Sensory Deprivation and Relaxation: The experience of a Floatation Tank.

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Have you heard of a Floatation Tank or the use of floating for sensory deprivation and/or relaxation?

I’m not going to go into detail about the Floatation Tank and what it is, the rationale for its use and some of the benefits that have been derived from its use.  Instead for all of that information you can follow this link http://en.wikipedia.org/wiki/Isolation_tank and read all about it on Wikepedia.

Suffice to say that I’d not heard much about the floatation tank or the experience of sensory deprivation using this device before.  No I haven’t seen Altered States, although I believe that is now on the must watch list given the number of times I’ve since been asked.  Enough of this chatter, let me tell you about my experience of the Floatation Tank!!

On arrival at Sandhill and during my initial tour, I was presented with the float tank and the offer to go in it.  I was initially quite apprehensive and said no.  However after a wise conversation and keen reminder that there is a difference between theoretically understanding and experientially understanding something, coupled with some self reflection about really learning and understanding neurodevelopmentally informed interventions,  I agreed to give it a go.

Now I get a bit claustrophobic! I do not like enclosed spaces or the sensation that I’m trapped or cornered.  Needless to say my stress response was a somewhat active and my initial heart rate was a little elevated after 1. getting into my bathers and coming out in front of a relative stranger and 2. considering the idea of climbing into the contraption pictured above and knowing the door was going to be closed and there wasn’t going to be much light.  In fact I think from memory my heart rate was somewhere in the high 90s. My blood pressure was also taken, it was pretty normal, if anything a bit on the low side but not clinically low.

So the time had come and in I climbed, laid my body down in the epsom salted water, put my head back and began to float.  The door was closed and the space became dark.  I’d like to tell you that I quickly came to feeling relaxed, but that’d would be a lie.  My first 5 minutes (well it felt like 5 minutes) was spent just trying to calm my heart rate, which upon closing the door had cleared passed the 100 barrier – I could feel it in my chest.  I found myself wondering how the children and young people we see at Take Two, with significant abuse and trauma histories would go in this situation? I’m still not sure I have an answer on this one and I think it could be tricky for some of our kids.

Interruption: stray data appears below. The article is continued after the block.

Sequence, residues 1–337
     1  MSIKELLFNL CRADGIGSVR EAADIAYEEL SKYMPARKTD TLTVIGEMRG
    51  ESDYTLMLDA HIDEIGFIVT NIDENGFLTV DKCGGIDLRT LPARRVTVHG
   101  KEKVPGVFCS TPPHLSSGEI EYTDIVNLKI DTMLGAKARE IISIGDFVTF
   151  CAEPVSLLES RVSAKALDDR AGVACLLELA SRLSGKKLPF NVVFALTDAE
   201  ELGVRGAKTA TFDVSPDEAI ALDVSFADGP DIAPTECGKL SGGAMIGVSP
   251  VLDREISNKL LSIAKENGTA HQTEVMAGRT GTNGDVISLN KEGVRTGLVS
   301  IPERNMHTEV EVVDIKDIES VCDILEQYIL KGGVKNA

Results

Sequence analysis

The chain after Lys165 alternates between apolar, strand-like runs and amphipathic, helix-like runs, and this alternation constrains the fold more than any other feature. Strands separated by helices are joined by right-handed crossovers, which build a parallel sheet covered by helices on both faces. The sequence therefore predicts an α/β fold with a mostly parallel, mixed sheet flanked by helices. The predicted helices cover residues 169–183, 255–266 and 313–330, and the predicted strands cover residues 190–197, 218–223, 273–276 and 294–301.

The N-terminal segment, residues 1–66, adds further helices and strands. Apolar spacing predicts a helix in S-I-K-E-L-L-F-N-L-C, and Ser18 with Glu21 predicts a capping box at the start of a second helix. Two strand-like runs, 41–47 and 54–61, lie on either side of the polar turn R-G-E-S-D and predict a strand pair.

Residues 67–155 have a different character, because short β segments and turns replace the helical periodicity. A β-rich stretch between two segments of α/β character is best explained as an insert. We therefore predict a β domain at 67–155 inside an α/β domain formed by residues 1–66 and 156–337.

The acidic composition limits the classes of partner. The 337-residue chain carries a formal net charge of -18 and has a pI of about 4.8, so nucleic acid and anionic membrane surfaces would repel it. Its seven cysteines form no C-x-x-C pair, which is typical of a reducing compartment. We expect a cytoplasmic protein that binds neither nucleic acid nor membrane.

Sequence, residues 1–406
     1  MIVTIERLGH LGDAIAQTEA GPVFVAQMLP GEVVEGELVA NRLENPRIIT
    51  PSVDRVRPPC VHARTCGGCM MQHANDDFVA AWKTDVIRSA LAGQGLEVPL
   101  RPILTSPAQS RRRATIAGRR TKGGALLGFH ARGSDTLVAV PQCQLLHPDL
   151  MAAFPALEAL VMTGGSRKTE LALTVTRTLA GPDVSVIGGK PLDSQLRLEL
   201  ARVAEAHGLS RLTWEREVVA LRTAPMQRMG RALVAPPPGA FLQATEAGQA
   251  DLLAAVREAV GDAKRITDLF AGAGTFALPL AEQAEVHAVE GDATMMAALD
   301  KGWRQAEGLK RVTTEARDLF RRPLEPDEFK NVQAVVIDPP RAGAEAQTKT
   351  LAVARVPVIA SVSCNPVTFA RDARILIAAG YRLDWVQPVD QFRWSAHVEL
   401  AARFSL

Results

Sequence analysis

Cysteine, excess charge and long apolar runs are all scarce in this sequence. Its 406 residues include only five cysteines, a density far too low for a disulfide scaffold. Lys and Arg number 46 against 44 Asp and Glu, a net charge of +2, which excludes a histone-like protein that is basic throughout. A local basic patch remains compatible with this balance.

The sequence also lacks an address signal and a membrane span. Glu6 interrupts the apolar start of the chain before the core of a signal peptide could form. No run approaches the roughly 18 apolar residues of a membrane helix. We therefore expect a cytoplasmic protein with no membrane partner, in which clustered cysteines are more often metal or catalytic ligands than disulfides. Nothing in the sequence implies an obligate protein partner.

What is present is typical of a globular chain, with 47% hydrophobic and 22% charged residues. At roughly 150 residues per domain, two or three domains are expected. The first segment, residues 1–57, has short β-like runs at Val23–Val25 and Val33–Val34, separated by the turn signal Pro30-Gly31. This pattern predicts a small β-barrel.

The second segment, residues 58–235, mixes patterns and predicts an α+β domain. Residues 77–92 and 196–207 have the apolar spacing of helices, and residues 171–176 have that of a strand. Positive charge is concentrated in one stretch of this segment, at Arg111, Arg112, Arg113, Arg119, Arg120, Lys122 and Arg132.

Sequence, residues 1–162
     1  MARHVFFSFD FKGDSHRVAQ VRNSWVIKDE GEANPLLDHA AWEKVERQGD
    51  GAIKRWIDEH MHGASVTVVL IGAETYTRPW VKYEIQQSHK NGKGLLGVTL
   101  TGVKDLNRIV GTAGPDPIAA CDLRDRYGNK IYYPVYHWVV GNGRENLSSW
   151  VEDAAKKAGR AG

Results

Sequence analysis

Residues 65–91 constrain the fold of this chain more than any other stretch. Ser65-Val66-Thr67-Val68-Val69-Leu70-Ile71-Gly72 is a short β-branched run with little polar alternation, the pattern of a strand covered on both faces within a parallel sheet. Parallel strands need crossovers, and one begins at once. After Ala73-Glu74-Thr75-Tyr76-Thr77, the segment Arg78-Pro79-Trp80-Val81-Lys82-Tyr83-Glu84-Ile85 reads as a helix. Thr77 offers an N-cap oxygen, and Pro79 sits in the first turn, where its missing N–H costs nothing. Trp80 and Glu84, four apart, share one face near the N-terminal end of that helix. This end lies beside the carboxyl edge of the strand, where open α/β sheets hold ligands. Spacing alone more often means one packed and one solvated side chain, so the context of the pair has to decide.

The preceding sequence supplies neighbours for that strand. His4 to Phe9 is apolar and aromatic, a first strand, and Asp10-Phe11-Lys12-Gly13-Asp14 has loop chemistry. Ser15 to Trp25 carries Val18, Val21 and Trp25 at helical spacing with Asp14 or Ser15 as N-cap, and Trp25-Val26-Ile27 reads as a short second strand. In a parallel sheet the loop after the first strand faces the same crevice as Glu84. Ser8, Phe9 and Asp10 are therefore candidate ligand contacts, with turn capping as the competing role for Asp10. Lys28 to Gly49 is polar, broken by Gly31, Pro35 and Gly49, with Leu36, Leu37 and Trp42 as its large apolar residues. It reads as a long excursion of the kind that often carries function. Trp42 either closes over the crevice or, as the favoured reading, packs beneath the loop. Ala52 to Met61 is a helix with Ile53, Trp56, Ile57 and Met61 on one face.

After I’d managed to calm the anxiety about being enclosed, I let myself relax into the water that was holding me afloat and just experience what was going on. Now this is when I started to learn all sorts of things about myself.  Things I probably knew, but because of a world filled with sensory distractions I’d not ever really taken notice of.   You know, every time my body was almost or had just tipped over the edge into a state of relaxation, I found the need to sensory seek.  I’d pull at my togs (bathing suit), scratch an itch (there was a bit of itchiness in the first bit of the float), need to push myself off a wall and move about in the tank and then try and work out where I was positioned or as I do best, have a string of thought processes to keep the mind busy.

This went on for some time, and then out of no where I could hear my heart beating slow and steady, in fact at that moment that was all there was.  I just listened to it and found myself experiencing the beginnings of a deep sense of calm and dare I say it, even relaxation.  I found myself thinking “now if I had one of these at home, I could do 30 mins in one of these and feel relaxed”.  Before I knew it the door was opened and out I climbed, wet and salty but feeling really relaxed (note I’m not someone who relaxes often or really even takes the time to relax). Post heart rate measures saw a 20 beat per minute drop to somewhere in the 70s and a slight (still healthy) increase in blood pressure.  What’s interesting is that my results were consistent with the patterns Sandhill are finding in their children.  I can’t wait for them to do some research on this and get it published.

What blew my mind more however was the fact that I honestly believed I was only in there for 20 minutes, 30 at a push!  I was in the tank a whole hour, 60 minutes and that’s when I realised that I had experienced the state of such relaxation that I’d lost sense of time.

Floating is an interesting experience and I will definitely be doing it again and again.  I highly recommend it, even if you just try it once.  If nothing else, like me you might learn things about yourself you didn’t really know beforehand.

 

 

 

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